The NCAA Committee on Infractions (“Committee” or “Panel” or “COI”) recently issued its findings and found that the University of Massachusetts, Amherst (“Institution” or “UM” or “UMass”) committed violations of NCAA legislation.
This case involved financial aid errors that resulted in student-athletes receiving payments in excess of their full cost of attendance. The violations primarily occurred in the men’s basketball program but also involved the women’s tennis program at UMass. These overages occurred as a result of the misunderstanding of financial aid rules and administrative error. The NCAA enforcement staff and UMass agreed to the facts but disagreed on the application of a bylaw, the level of the violations and whether a failure to monitor occurred. There were no involved individuals in the case.
Over three academic years, UMass provided impermissible financial aid on 13 instances to 12 student-athletes in two sport programs when it awarded them financial aid in excess of their full cost of attendance. The impermissible financial aid rendered the student-athletes ineligible. Thereafter, the student-athletes competed while ineligible in 186 contests and UMass provided them with impermissible actual and necessary expenses associated with those competitions. UMass failed to meet its obligation to withhold ineligible student-athletes from competition.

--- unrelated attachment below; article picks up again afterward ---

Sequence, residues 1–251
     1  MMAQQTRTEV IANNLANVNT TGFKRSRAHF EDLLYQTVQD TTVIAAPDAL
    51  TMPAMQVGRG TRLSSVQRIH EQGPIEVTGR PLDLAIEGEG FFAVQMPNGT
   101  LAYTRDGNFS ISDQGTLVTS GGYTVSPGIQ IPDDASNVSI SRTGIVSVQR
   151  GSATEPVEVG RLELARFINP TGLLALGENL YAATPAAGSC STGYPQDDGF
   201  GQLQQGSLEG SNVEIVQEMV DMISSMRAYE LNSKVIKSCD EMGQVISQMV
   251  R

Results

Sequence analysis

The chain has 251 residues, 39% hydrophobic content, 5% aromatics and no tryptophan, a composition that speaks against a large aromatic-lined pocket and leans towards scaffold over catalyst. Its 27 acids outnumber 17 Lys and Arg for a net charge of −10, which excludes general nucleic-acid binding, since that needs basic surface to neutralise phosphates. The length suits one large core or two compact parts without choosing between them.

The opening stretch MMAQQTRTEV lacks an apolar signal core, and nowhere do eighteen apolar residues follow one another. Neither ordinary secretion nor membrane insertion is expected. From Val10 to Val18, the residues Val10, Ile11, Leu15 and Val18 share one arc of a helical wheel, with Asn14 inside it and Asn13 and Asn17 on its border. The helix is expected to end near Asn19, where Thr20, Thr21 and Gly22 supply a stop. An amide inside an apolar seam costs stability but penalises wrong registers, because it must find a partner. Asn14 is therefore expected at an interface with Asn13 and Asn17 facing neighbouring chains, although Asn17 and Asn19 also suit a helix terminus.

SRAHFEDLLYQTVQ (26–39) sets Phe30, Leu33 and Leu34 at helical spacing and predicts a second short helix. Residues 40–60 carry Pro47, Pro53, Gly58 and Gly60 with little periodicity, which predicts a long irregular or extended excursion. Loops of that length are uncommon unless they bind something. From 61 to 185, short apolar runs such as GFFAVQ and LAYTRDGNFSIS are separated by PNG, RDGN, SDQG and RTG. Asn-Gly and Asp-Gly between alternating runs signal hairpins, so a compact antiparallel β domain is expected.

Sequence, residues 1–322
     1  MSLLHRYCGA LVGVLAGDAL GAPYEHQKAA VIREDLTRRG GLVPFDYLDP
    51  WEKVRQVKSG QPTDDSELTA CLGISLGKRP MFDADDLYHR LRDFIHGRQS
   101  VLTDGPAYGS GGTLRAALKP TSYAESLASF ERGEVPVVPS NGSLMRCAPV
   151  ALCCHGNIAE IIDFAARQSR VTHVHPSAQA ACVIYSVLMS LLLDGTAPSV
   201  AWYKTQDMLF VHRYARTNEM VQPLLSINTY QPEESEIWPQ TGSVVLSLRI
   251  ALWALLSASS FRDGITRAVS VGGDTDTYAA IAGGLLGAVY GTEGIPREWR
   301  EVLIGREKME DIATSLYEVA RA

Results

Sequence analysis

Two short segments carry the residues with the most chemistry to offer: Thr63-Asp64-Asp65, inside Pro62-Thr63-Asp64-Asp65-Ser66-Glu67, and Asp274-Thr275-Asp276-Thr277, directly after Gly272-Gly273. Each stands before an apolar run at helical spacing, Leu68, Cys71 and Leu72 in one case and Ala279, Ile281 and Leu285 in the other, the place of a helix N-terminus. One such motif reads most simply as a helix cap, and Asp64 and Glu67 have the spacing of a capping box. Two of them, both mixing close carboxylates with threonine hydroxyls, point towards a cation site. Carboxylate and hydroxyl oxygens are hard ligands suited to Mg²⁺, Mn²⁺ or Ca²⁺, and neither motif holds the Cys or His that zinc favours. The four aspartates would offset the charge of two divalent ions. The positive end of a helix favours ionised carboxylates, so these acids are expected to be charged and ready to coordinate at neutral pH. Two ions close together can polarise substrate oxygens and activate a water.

The circumstances surrounding the impermissible financial aid are unique in that they occurred when student-athletes moved off-campus after the start of the semester and UMass did not readjust their financial aid. The student-athletes fell into two categories: (1) student-athletes who continued to receive a telecom fee associated with dorm phones after they moved off-campus and (2) student-athletes whose on-campus housing was more expensive than their off-campus housing. Eight student-athletes received the impermissible telecom fee. Four student-athletes received the impermissible higher housing rate. One student-athlete received both. In total, UMass provided a little over $9,100.00 in impermissible aid to the 12 student-athletes. The Panel concluded that the violations are Level II.
The Committee concluded that UM committed the following violations:
Violations of NCAA Division I Manual Bylaws 12.11.1, 15.01.2, 15.1 and 16.8.1 (2014-15 through 2016-17)
Over three academic years, UMass provided financial aid packages that aligned with on-campus living expenses even though the student-athletes moved off-campus during the semester. The higher on-campus living expense payments caused the student-athletes to exceed their full cost of attendance and constituted impermissible financial aid. As a result, the student-athletes became ineligible and UMass did not withhold them from competition. UMass also provided them with actual and necessary expenses associated with those competitions. The violations are Level II.